Hurricane Michael has brought so many changes to my home in the Panhandle of Florida. One thing that has not changed is the resilience and faith of the people in the region. Watching the countless volunteers, the residents reaching out in their own hour of need to help another, witnessing random acts of kindness daily, has inspired me to embark on a new project.
In the Eye of the Storm: Stories of Survival and Hope from the Florida Panhandle is a new project I have undertaken. Collecting the inspiring stories of people who rode out the storm, were first on the scene in the aftermath, who have weathered the weeks since Michael slammed into our area, and who have come from far and wide to assist, remind me daily of the strength of the human spirit and the power of hope.
Countless people rode out the Category 4 storm and swear they will never do it again. Volunteers pouring into the state in the days following the destruction repeatedly said they have never seen anything like it. City and county officials promise rebuilding has begun and that the area will be back stronger than ever.
It’s the residents though, the ones who awoke the following morning to a world inexplicably altered, that are at the heart of this project. The survivors. The broken. The devastated. It’s their voices that tell the story best. It’s their words that bring it home for us all. These are the stories of the brave, the hopeful, the determined as much as they are of the suffering and the brokenhearted.
Like the members of Bayside Church, previously located in the heart of downtown Panama City next to Bay High School. In preparation for the newly remodeled Tommy Oliver Stadium requiring additional parking, the Church had just sold the property to the City and purchased a new property a few miles away. Both structures were destroyed by Michael.
Yet, the first Sunday following the storm, the members met in the parking lot of their devastated church, along with Elevation Life Church to worship with grateful hearts. Following the service, members, guests, and residents in the area enjoyed hamburgers and hotdogs and then spent the afternoon handing out collected supplies and assisting people all across the city.
“Hurricane Michael may have destroyed our churches,” said Bayside member, Jan Soper, “but he couldn’t keep us from gathering to worship.”
“We may have lost a building. Some of us have lost our homes. Some of us have lost everything,” explained member, Ashley Davis, “But today, we were able to love on and encourage one another in person.”
Annabeth Nelson, known as AB to family and friends, and Brianna Grandberg had decided to ride out the storm in their townhome located off busy 23rd Street in Panama City. Preparations had been completed and they hunkered down with their pets and a prayer. It wouldn’t take long for those prayers to turn to screams as Michael made landfall.
Their townhome flooded, the water rising with every second. When it reached almost to their chests they decided it was time to make their way across the parking lot of the TGI Friday’s next to their home in order to take shelter in the First Federal Bank building next to it. The three-story brick building seemed a better option. Their nightmare wasn’t over though; the hardest moments were still to come.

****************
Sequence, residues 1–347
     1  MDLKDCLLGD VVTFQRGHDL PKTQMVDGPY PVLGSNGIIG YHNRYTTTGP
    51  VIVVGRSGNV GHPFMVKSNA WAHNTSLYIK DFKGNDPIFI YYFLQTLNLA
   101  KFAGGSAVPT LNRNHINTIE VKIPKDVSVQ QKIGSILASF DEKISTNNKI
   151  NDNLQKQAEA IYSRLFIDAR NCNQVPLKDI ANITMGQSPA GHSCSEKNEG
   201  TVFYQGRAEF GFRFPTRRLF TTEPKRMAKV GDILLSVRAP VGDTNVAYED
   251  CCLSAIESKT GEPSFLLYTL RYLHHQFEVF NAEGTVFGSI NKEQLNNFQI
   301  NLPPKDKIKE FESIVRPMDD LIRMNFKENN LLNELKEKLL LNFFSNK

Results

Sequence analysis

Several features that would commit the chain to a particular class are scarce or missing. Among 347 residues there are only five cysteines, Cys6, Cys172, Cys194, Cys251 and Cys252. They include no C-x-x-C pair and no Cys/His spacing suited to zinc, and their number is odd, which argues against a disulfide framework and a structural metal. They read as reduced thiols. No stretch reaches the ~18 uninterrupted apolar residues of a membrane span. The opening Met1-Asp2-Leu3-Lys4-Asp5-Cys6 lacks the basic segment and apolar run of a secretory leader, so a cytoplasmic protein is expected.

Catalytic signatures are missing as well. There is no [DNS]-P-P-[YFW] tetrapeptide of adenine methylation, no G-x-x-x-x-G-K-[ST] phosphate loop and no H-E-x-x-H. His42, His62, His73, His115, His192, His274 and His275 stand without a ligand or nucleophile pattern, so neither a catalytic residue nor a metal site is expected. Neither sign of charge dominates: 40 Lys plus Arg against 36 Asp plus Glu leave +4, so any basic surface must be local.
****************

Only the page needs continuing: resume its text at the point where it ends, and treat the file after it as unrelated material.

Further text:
A few days after the storm, AB posted this excerpt on her FaceBook page. After reading it, I knew I had to include them in this project. Her fear was palpable, yet her hope and faith unshaken.
“They say there are moments you never forget. I can tell you I will never forget this day the sounds, feeling of the walls moving behind my back while sitting in the stairwell, thinking to myself, my last moments are here. Thinking I would never see my family or friends again. Wondering if they were going to be okay. Trying to keep all my animals calm as the wind whipped throughout the building and the stairwell doors began to blow open as we rushed to tie the dogs’ leashes to them so they would stay closed. I’ve honestly never been so scared in my entire life.
The moment after the terror was over will always remain. Going out slowly to make sure it was safe, looking around and thinking this can’t be real. Realizing I am stuck in this demolished building, then finally hearing someone yelling for us faintly under the alarms. Seeing them and hearing them say, “We have to get you guys out of this building quickly!”
Wading in waist deep water to higher ground with all our pets in hand, finally seeing my dad’s truck driving around trying to locate us (AB’s dad is a first responder). Waving him down from the back of stranger’s pick up truck and finally hugging my sister, Bekah’s neck and crying because she was alive and well. Finally making it to my parents home and seeing my mom okay and going with my dad and sister to find my other sister, Savannah and my brother-in-law, Harrison. Thinking in my head, “Dear God, I pray she is okay.”
Climbing over trees, downed power lines, so much debris to finally make it into the Cove. Finally, seeing my sister’s face was the best feeling I’ve ever felt. My immediate family was safe, but we still had a lot of other family and friends in the area. It would be days before we’d know if they were safe.”
Days later, after being able to see or hear from her family and friends, knowing they were alive and well, was a feeling AB said she doesn’t have the words to describe. “Brianna and I are so lucky to be alive and even though we lost everything we still have each other. That is all that really matters. We will get through this and come out even stronger on the other side.”
My goal with this project is to publish In the Eye of the Storm and through sales, raise money to help support victims and the rebuilding of our beautiful Panhandle. The resilience and beauty of the people here are inspiring and so worthy of recognition.
© 2018 Jennifer Nelson Fenwick